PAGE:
Third Covid vaccine doses should be rolled out to vulnerable Britons urgently, according to Professor Paul Hunter
Third Covid vaccine doses should be rolled out to vulnerable Britons urgently, a top expert said today as pressure builds for a decision from No10’s advisers.
The Joint Committee on Vaccination and Immunisation (JCVI) is still yet to sign off on a booster rollout despite the NHS due to start administering the doses next Monday.
Professor Paul Hunter, an expert in medicine at the University of East Anglia, today called for over-80s and immunocompromised people to get their shots ‘pretty soon’.
He said he saw no reason ‘whatsoever’ why it had taken the JCVI so long to sign off on doses for those groups but admitted a mass booster rollout wasn’t necessary.
There are fears that a ‘big bang’ in cases when English schools go back this week could spark a rise in hospital admissions and deaths, particularly among the most vulnerable.
The NHS has been told to gear up to start the autumn immunisation programme, which will operate alongside a mass flu jab campaign, by September 6.
But the JCVI is still dithering over exactly who should be eligible for the third injections.
The group is expected to recommend them for people with severely weakened immune systems, which may only include several hundred thousand Britons.
Professor Hunter said that people who had had the vaccine but did not respond as well ‘need to be boosted soon’.
‘Within that category are: people with severe underlying disease; people with severe cancers that are on chemotherapy; people on high-dose steroids for autoimmune diseases; people who have had solid organ transplants; people who are actually morbidly obese,’ he said.
‘I would also add over-80s to that category.’
There are more than 3.7million extremely clinically vulnerable people in England, according to the Office for National Statistics. Of these, around 500,000 are immunosuppressed. These people are expected to get boosters first
In a study published last week, scientists at King’s College London found protection against infection wanes within six months of a second dose. For the Pfizer jab (blue line) it dropped from 88 per cent protection against infection to 74 per cent up to six months after the second dose. And for the AstraZeneca jab (pink line) it dropped from 77 per cent to 67 per cent five months after the second dose. Experts suggested the effectiveness could drop to 50 per cent by the winter
A study by the Universities of Glasgow and Birmingham measured antibody levels in 600 immunosuppressed people and compared them to healthy volunteers. About one in 10 in the vulnerable group failed to generate any detectable Covid antibodies four weeks after their second dose of Pfizer or AstraZeneca. A further 30 per cent generated a significantly lower antibody response than healthy people, according to the study published as a pre-print in The Lancet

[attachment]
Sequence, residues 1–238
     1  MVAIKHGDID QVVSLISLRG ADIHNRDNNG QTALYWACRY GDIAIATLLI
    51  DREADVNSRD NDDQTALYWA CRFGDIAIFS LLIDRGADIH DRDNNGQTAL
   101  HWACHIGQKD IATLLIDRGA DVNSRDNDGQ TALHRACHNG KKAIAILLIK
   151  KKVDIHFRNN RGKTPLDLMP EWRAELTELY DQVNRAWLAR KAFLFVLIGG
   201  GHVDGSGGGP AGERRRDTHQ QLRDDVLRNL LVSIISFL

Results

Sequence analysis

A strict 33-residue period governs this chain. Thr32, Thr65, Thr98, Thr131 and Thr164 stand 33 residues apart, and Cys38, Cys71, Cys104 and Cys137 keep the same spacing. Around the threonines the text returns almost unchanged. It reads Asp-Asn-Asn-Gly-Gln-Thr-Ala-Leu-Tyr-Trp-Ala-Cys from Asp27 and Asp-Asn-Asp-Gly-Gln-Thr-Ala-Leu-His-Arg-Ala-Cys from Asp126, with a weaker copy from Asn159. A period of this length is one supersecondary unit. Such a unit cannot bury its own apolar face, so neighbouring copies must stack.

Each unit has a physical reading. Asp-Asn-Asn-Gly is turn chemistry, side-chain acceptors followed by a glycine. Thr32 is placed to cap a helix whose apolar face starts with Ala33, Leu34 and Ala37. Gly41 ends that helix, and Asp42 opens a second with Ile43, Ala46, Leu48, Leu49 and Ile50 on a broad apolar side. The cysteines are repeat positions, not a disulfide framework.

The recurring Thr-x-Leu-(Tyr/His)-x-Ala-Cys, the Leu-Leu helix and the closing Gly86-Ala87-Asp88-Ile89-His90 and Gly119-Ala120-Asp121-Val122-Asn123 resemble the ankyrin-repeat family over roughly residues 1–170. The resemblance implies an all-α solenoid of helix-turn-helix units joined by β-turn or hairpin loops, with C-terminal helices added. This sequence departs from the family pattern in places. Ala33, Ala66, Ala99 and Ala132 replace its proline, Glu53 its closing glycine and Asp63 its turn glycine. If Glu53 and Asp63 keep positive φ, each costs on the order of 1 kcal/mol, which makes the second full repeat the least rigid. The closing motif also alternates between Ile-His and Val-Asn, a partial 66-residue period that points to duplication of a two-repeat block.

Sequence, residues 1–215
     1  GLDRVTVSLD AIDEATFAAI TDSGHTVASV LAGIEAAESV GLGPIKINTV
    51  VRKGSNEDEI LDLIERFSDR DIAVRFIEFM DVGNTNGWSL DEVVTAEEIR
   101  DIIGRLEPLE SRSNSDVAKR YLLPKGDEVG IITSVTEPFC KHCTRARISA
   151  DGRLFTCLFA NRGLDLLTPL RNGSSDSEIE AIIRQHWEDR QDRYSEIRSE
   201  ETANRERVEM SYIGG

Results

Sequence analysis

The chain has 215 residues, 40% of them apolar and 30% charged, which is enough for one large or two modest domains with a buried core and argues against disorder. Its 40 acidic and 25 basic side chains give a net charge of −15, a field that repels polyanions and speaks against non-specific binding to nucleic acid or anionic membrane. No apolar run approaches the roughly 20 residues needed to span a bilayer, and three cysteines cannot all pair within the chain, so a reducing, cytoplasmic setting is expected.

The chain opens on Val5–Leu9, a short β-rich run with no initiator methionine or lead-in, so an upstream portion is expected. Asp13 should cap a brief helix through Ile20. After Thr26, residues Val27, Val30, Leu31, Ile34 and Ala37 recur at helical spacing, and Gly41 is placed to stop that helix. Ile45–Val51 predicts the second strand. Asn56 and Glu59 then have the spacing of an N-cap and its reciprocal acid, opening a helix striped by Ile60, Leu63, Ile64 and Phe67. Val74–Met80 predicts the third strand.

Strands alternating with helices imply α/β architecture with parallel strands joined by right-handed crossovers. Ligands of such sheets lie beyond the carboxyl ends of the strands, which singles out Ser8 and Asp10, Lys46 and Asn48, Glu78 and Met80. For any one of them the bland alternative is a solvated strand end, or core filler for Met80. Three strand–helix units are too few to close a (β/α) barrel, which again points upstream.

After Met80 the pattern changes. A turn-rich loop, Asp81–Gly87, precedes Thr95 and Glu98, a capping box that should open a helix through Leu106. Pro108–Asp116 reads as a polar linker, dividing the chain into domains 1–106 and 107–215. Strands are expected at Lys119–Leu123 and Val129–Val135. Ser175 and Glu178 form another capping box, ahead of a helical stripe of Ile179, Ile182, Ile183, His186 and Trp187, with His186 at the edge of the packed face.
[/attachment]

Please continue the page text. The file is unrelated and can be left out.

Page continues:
Professor Hunter added: ‘The evidence is that these people won’t have responded that well to vaccine.
‘As far as I’m concerned there is no debate whatsoever about that group, they should be boosted and they should be boosted pretty soon.
‘And it’s not because the vaccine has waned, is because chances are they did not respond that well the first time around.’
He said: ‘When you look at the rest of the population, what we’re seeing is that protection against infection is declining.
‘But protection against severe disease is not at the moment, although ultimately it will – though hopefully not for a number of years.
WHO calls for pause on boosters because poor countries are still struggling to get first doses
The head of the World Health Organization (WHO) on Monday called for a two-month moratorium on administering booster shots of COVID-19 vaccines.
Tedros Adhanom Ghebreyesus, WHO director-general, told reporters in Budapest, Hungary, that the pause is necessary to reduce global vaccine inequality.
He also said he was ‘really disappointed’ with the scope of vaccine donations worldwide.
As many countries struggle to provide first and second doses to more than small fractions of their populations, some wealthier countries like the U.S., Hungary and Israel have rolled out plans to distribute additional vaccine doses.
Tedros called on countries offering third vaccine doses ‘to share what can be used for boosters with other countries so [they] can increase their first and second vaccination coverage.’
In early August, Hungary became the first country in the 27-member European Union to allow residents to sign up for a third dose, and more than 187,000 people have received a booster so far, according to government statistics.